Email Address
Company Name
Password
Confirm Password
Mondaq Topics -- Select your Interests
 Accounting
 Anti-trust
 Commercial
 Consumer
 Criminal
 Employment
 Energy
 Environment
 Family
 Finance
 Government
 Healthcare
 Immigration
 Insolvency
 Insurance
 International
 IP
 Law Performance
 Law Practice
 Litigation
 Media & IT
 Privacy
 Real Estate
 Strategy
 Tax
 Technology
 Transport
 Wealth Mgt
Regions
Africa
Asia
Asia Pacific
Australasia
Canada
Caribbean
Europe
European Union
Latin America
Middle East
U.K.
United States
Worldwide Updates
Check to state you have read and
agree to our Terms and Conditions

Terms & Conditions and Privacy Statement

Mondaq.com (the Website) is owned and managed by Mondaq Ltd and as a user you are granted a non-exclusive, revocable license to access the Website under its terms and conditions of use. Your use of the Website constitutes your agreement to the following terms and conditions of use. Mondaq Ltd may terminate your use of the Website if you are in breach of these terms and conditions or if Mondaq Ltd decides to terminate your license of use for whatever reason.

Use of www.mondaq.com

You may use the Website but are required to register as a user if you wish to read the full text of the content and articles available (the Content). You may not modify, publish, transmit, transfer or sell, reproduce, create derivative works from, distribute, perform, link, display, or in any way exploit any of the Content, in whole or in part, except as expressly permitted in these terms & conditions or with the prior written consent of Mondaq Ltd. You may not use electronic or other means to extract details or information about Mondaq.com’s content, users or contributors in order to offer them any services or products which compete directly or indirectly with Mondaq Ltd’s services and products.

Disclaimer

Mondaq Ltd and/or its respective suppliers make no representations about the suitability of the information contained in the documents and related graphics published on this server for any purpose. All such documents and related graphics are provided "as is" without warranty of any kind. Mondaq Ltd and/or its respective suppliers hereby disclaim all warranties and conditions with regard to this information, including all implied warranties and conditions of merchantability, fitness for a particular purpose, title and non-infringement. In no event shall Mondaq Ltd and/or its respective suppliers be liable for any special, indirect or consequential damages or any damages whatsoever resulting from loss of use, data or profits, whether in an action of contract, negligence or other tortious action, arising out of or in connection with the use or performance of information available from this server.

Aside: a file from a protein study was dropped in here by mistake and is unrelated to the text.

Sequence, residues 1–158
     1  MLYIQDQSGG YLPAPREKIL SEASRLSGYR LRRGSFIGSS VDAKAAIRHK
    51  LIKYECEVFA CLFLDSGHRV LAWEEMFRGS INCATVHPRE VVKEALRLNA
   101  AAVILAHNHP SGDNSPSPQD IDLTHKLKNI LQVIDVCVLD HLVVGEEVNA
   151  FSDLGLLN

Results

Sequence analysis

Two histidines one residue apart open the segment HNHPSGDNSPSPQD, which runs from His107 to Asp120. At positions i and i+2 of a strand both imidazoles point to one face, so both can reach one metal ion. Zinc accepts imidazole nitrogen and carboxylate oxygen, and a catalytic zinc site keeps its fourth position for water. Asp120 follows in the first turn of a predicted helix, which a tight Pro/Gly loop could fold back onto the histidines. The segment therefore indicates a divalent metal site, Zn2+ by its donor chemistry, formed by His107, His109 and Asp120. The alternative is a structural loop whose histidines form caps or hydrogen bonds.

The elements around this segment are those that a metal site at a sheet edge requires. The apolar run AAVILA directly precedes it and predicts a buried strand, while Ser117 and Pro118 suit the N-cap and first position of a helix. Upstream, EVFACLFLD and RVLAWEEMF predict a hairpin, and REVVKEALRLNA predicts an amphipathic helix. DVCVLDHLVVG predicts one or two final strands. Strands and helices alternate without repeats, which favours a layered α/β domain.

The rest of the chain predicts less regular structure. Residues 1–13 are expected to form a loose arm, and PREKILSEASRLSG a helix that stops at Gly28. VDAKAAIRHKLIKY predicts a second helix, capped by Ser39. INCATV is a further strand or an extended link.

The documents and related graphics published on this server could include technical inaccuracies or typographical errors. Changes are periodically added to the information herein. Mondaq Ltd and/or its respective suppliers may make improvements and/or changes in the product(s) and/or the program(s) described herein at any time.

Registration

Mondaq Ltd requires you to register and provide information that personally identifies you, including what sort of information you are interested in, for three primary purposes:

  • To allow you to personalize the Mondaq websites you are visiting.
  • To enable features such as password reminder, newsletter alerts, email a colleague, and linking from Mondaq (and its affiliate sites) to your website.
  • To produce demographic feedback for our information providers who provide information free for your use.